[School-of-data] Introduction (myself and a corpus/datasets)

Jessy Kate Schingler jessy at jessykate.com
Thu May 24 19:30:09 UTC 2012

this is really cool alex!

it would be awesome if there was a summary of columns with basic
description of each field, data types, and a few example rows, available on
the main page so one could get a sense of the data without downloading and
extracting it.

another interesting embedded data set that comes to mind would be looking
at correlations between yes/no votes and specific key words or n-grams.

anyway, neat stuff!

On Thu, May 24, 2012 at 11:56 AM, Alexandre Rafalovitch
<arafalov at gmail.com>wrote:

> Hello,
> I am a software developer (Java, .Net, web technologies) with interest
> in learning the skills of a data scientist. I have done some data
> manipulation and read some books, but still have a very long road
> ahead of me. So, in this context, I am a learner.
> I also have a corpus that I compiled and would love people to play
> with. It is at http://www.uncorpora.org/ and contains (some of) the
> resolutions of the General Assembly of the United Nations. The
> resolutions are broken into paragraphs and are aligned on that level
> for all six languages of UN (Arabic,  Chinese, English, French,
> Russian, Spanish). The corpus also contains voting records for the
> resolutions. The corpus is unrestricted for research purposes.
> The corpus is normally used for Machine Learning research because it
> has Arabic as well as other languages that are hard to find in public
> multilingual corpora. It is not actually large enough for real ML
> training, so seem to be popular as a secondary/complimentary source.
> At the same time, there is a number of interesting datasets hiding in
> the corpus, both mono- and multi-lingual. I am planning to work on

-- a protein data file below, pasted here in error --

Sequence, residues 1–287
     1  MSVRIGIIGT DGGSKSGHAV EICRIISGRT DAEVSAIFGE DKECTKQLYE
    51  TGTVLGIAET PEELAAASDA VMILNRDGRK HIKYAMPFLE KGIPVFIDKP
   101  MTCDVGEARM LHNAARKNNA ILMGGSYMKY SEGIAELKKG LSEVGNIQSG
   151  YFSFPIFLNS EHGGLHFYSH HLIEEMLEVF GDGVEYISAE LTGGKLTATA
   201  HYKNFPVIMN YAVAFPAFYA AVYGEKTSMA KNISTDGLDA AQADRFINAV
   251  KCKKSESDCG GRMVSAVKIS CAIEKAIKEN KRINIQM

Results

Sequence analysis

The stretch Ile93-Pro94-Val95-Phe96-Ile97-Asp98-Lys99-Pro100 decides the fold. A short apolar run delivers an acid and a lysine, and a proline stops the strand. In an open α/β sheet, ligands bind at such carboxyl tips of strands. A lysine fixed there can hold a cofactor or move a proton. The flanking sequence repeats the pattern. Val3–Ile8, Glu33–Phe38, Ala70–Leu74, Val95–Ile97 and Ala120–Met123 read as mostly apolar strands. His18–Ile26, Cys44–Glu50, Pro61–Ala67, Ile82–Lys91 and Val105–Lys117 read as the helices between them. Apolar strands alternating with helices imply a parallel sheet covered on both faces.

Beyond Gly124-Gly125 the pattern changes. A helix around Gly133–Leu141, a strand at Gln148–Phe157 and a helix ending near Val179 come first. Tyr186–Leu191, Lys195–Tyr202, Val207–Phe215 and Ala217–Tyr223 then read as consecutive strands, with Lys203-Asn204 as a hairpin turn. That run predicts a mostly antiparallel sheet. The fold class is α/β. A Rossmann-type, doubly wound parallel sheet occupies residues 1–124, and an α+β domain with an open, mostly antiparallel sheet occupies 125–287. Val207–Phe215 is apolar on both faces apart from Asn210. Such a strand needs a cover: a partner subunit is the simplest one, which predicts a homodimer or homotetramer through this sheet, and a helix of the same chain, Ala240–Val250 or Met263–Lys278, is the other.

> some of those, but will welcome anybody else doing it as well, or
> perhaps even better than me.
> Examples of datasets that I had a very preliminary look at are:
> *) Co-voting patterns for any country, where you can select a country
> on a map and a second map shows color coding of how similar other
> countries voted on those issues ("agree votes" - "against votes"). A
> preliminary visualization is at:
> http://www.outerthoughts.com/files/votes/test1.html
> *) Evolution of translation of preambulatory/operative phrases one
> sees in legal documents (e.g. "Recalling", "Requests", "Demands"). I
> have done a preliminary analysis for English/Russian and the result
> were much more complex than expected (I expected basically pairs of
> entries). You can see a test visualization at:
> http://www.outerthoughts.com/files/test_seadragon.html . I am hoping
> to redo this one with interactive per-year breakdown, collapsing the
> repeat indicators (such as "Recalling also" -> "Recalling", but not
> "Recalling once again") and maybe picking up a language pair more
> people can read (French? Spanish?).
> There are other datasets hiding in there, these are just easiest to
> dig out. If anybody is interested, I would be happy to pursue the
> topic further and in-depth either publicly or privately (e.g. for
> joint work).
> Regards,
>   Alex.
> Personal blog: http://blog.outerthoughts.com/
> LinkedIn: http://www.linkedin.com/in/alexandrerafalovitch
> - Time is the quality of nature that keeps events from happening all
> at once. Lately, it doesn't seem to be working.  (Anonymous  - via GTD
> book)
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